Maybe England, Australia, South Africa and New Zealand typify themselves as mature democracies guided by an abiding belief in self worth, not to be debased in the sight of others rated nearer the category of Third World. The others: India, Pakistan, Sri Lanka, Zimbabwe and Bangladesh may be contained by the restraining factor of volatility always regarded as on a short fuse in the public undercurrent. In the former the game must fit the national image. In the latter the game (and thus the players) must fit what their public will accept as embraceable. Bear in mind the salary of an international cricketer is immeasurably higher than the ordinary pay of a factory worker in Calcatta, Karachi, Colombo, etc.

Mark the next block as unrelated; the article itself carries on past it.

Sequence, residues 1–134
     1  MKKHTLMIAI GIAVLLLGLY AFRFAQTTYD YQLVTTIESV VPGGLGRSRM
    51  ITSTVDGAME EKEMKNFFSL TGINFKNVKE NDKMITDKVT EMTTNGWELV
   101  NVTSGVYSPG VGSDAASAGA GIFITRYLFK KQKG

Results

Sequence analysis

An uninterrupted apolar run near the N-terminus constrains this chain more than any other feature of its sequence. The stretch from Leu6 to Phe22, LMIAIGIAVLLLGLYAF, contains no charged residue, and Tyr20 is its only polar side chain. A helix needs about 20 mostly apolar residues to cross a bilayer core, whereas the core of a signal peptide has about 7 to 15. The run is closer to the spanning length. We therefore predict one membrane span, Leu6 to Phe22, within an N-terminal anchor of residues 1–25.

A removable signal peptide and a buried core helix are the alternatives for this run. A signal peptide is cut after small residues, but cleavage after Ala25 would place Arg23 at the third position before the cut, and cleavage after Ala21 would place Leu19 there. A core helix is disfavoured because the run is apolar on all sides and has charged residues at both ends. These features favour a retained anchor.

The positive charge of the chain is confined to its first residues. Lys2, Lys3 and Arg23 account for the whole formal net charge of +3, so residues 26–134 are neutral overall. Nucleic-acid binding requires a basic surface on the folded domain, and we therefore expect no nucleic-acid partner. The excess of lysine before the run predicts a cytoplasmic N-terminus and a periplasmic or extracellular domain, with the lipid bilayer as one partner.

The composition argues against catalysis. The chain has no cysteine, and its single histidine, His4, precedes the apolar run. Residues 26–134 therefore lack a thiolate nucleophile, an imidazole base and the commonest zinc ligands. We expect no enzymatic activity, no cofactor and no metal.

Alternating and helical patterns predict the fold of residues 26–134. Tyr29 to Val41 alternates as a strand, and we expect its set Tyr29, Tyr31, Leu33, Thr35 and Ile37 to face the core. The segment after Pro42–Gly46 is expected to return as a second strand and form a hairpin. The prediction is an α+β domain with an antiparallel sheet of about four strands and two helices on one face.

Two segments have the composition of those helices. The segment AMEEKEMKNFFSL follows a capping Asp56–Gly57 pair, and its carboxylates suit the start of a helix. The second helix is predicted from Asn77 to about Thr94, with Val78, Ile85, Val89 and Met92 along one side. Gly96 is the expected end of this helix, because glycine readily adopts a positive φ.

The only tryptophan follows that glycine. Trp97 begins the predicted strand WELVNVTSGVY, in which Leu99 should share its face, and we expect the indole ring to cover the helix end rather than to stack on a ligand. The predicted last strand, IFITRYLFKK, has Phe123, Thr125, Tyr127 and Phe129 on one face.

Most recurring comment coming from the Caribbean public accuses our players of being in cricket only for the money. The man in the street alleges there is no lack of cricketing ability, only a serious lack of responsibility. There is enforced commitment to perform outstandingly to meet performance requirement to maintain a place in any one of the big commercial leagues like the I.P.L. You fail as a player to meet your end of the bargain and you are likely to be dismissed without sympathy on the part of anyone. It is a fact of life from the point of view of a business consideration. The crowds must be attracted. So, our big stars will ensure they shine in the I.P.L, the Australian Big Bash etc. However, who is anybody to insist that they must meet a responsibility to reach and sustain a reasonable standard of performance when representing the people of the Caribbean?